Adderall has a half-life of 9 to 14 hours, which means that, after this time, only about half of the drug remains in the body. Adderall will completely clear from a person’s system in 3 days. However, this can vary based on several factors.
Testing can be conducted using urine, hair, saliva, and blood. Detection times for Adderall varies depending on the source that is analyzed:
- Urine, Adderall can be detected for up to 4-7 days.
- Saliva, Adderall can be detected 20 minutes after use and up to 48 hours.
- Hair, Adderall can be detected about one week after use and up to 90 days.
- Blood, Adderall can be detected 12-24 hours after use and can be identified for 24 hours.
What Is Adderall?
Adderall is an amphetamine and central nervous system stimulant. It is commonly used to treat attention-deficit hyperactivity disorder (ADHD), a condition in which people find it difficult to focus on a single task and may act impulsively. Individuals with ADHD use the medication daily on a fixed therapeutic regimen, and it induces a calming effect, allowing them to concentrate on tasks at hand.
Because it is a stimulant such as meth or cocaine, Adderall boosts dopamine in the brain, a neurotransmitter associated with pleasure, reward and attention. When stimulants are introduced into the body, they increase the amount of dopamine, but they also impair the body’s ability to make its own dopamine after extended use and can cause many side effects.
How Is Adderall Misused?
Like many psychoactive drugs, Adderall can be misused and become addictive. When used in a way other than as directed, Adderall can rapidly increase the amount of dopamine in the brain and produce feelings of euphoria. To continue achieving this effect, the amount of medication used must be increased over time as the brain adjusts to the drug’s presence and reduces its response accordingly (tolerance). This effect can initiate a cycle of abusing Adderall that eventually results in full-blown physiological dependence.
Factors that Influence How Long Adderall Stays in Your System
- Body Composition
Body composition can influence the length of time it takes for a person’s body to eliminate Adderall. Height, weight, body fat percentage and muscle mass all play a part in this timeline. Surprisingly, a person with low muscle mass and high body fat will probably clear Adderall faster than someone with high muscle mass and less fat, because having more muscle means an individual has more water in their body. Because the ingredients of Adderall are hydrophilic (having a tendency to mix with or dissolve in water) this allows it to circulate in the body for a longer period.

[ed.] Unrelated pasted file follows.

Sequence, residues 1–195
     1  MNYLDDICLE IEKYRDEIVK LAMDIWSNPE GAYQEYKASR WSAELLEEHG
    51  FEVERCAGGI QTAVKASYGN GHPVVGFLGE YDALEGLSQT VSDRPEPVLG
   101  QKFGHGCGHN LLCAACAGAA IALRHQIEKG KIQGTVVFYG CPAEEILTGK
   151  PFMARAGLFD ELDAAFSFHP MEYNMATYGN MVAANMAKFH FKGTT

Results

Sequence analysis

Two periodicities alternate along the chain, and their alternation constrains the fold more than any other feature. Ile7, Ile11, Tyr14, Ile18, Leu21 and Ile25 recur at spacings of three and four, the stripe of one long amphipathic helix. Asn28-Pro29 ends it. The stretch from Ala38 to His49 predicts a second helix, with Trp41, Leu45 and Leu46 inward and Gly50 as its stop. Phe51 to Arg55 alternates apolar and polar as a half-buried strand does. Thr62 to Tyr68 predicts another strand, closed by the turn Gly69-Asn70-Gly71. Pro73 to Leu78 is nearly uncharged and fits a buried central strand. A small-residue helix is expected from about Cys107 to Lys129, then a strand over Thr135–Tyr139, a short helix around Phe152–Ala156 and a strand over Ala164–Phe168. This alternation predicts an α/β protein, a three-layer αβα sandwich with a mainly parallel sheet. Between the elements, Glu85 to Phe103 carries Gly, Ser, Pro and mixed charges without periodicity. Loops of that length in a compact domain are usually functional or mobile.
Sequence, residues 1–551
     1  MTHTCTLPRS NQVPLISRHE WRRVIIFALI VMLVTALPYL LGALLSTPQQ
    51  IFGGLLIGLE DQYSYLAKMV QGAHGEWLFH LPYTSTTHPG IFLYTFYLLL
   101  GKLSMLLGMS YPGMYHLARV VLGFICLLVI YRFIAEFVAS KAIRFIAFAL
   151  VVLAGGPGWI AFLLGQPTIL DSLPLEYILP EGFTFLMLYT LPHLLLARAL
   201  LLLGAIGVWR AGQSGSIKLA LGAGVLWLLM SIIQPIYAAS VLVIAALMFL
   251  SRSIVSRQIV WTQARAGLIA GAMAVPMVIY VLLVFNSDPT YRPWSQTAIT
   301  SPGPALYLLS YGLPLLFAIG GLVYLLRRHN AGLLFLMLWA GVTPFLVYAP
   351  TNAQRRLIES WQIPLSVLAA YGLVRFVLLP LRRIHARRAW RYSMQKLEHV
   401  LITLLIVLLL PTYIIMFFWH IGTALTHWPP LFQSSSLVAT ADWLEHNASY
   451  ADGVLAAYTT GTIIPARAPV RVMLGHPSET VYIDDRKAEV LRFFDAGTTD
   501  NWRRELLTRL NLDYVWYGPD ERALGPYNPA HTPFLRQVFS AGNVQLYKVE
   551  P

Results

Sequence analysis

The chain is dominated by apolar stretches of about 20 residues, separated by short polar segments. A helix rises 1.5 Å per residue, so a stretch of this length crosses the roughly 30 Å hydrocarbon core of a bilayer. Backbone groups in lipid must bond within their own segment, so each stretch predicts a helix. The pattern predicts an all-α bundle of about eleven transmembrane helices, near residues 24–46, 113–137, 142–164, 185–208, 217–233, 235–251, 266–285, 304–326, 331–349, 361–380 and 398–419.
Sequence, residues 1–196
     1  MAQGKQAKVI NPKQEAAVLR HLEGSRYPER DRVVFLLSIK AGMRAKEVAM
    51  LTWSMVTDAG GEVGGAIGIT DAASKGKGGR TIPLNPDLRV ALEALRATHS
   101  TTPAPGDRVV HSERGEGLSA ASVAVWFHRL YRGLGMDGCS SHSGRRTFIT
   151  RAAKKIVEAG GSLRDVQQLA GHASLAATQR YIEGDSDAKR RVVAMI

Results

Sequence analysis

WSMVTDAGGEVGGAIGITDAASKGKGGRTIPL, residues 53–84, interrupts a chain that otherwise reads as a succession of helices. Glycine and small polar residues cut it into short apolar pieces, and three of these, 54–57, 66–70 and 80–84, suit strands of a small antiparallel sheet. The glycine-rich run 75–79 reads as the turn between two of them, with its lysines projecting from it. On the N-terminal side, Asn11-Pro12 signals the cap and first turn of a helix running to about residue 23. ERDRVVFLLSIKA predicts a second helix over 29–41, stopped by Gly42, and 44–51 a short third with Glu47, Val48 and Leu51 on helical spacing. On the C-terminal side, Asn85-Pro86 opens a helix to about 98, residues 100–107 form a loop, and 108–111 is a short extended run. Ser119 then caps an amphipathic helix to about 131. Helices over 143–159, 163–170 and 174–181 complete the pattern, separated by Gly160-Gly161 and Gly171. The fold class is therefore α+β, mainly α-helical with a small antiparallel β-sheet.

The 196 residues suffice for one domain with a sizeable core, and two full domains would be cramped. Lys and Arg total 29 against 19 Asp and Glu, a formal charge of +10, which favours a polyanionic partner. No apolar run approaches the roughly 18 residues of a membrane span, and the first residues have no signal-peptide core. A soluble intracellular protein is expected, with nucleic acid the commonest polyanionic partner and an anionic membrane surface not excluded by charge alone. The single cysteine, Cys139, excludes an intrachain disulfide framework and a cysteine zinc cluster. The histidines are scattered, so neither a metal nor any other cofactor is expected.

- pH Levels
The pH levels in the urinary and gastrointestinal tracts may influence how long Adderall remains in the system. If a person has a high pH level, the kidneys will take longer to process Adderall. Those will a lower pH level are likely to eliminate the drug more rapidly because the drug is able to remain in a hydrophilic state. These levels may be affected by the consumption of food and drinks.
- Food Intake
Food consumption can affect how rapidly the body is able to eliminate Adderall. When food is in the system, the body will be working to breakdown the food as well as the medication, meaning it may take longer to complete both processes.
- Organ Function
Organs such as the liver and kidneys play a vital role in ridding the body of many potentially toxic substances, including Adderall. When an organ does not function optimally, these metabolic processes are slowed. If kidney function or liver function is not normal, the drug may stay in the system longer than it should—or even be recirculated.
- Dosage Amount
The drug dosage can also significantly affect how long it takes to clear the system. The more Adderall someone has consumed, the longer it will take for the body to eliminate it since there is more of the drug in the system to metabolize.
- Frequency of Use
The bodies of those who have been using Adderall regularly for an extended period will probably take longer to clear it in comparison to persons who have only used the drug occasionally. When the drug is used daily, it can accumulate in the body, and, in turn, it will take the body longer to break down all of the drugs in the system.
Treatment for Adderall Abuse
The longer a person has been misusing Adderall, the more intense an addiction can become. Withdrawal symptoms that manifest shortly after discontinuing can make it very difficult for users to quit on their own.
Fortunately, Adderall abuse and addiction is very treatable, and there are many effective options available. Midwood Addiction Treatment offers a comprehensive approach to substance abuse that includes behavioral therapy, counseling, group support, aftercare planning, and much more.
If you need help overcoming an addiction to Adderall, please contact us as soon as possible. Discover how we can help you free yourself from the chains of addiction and recover for life!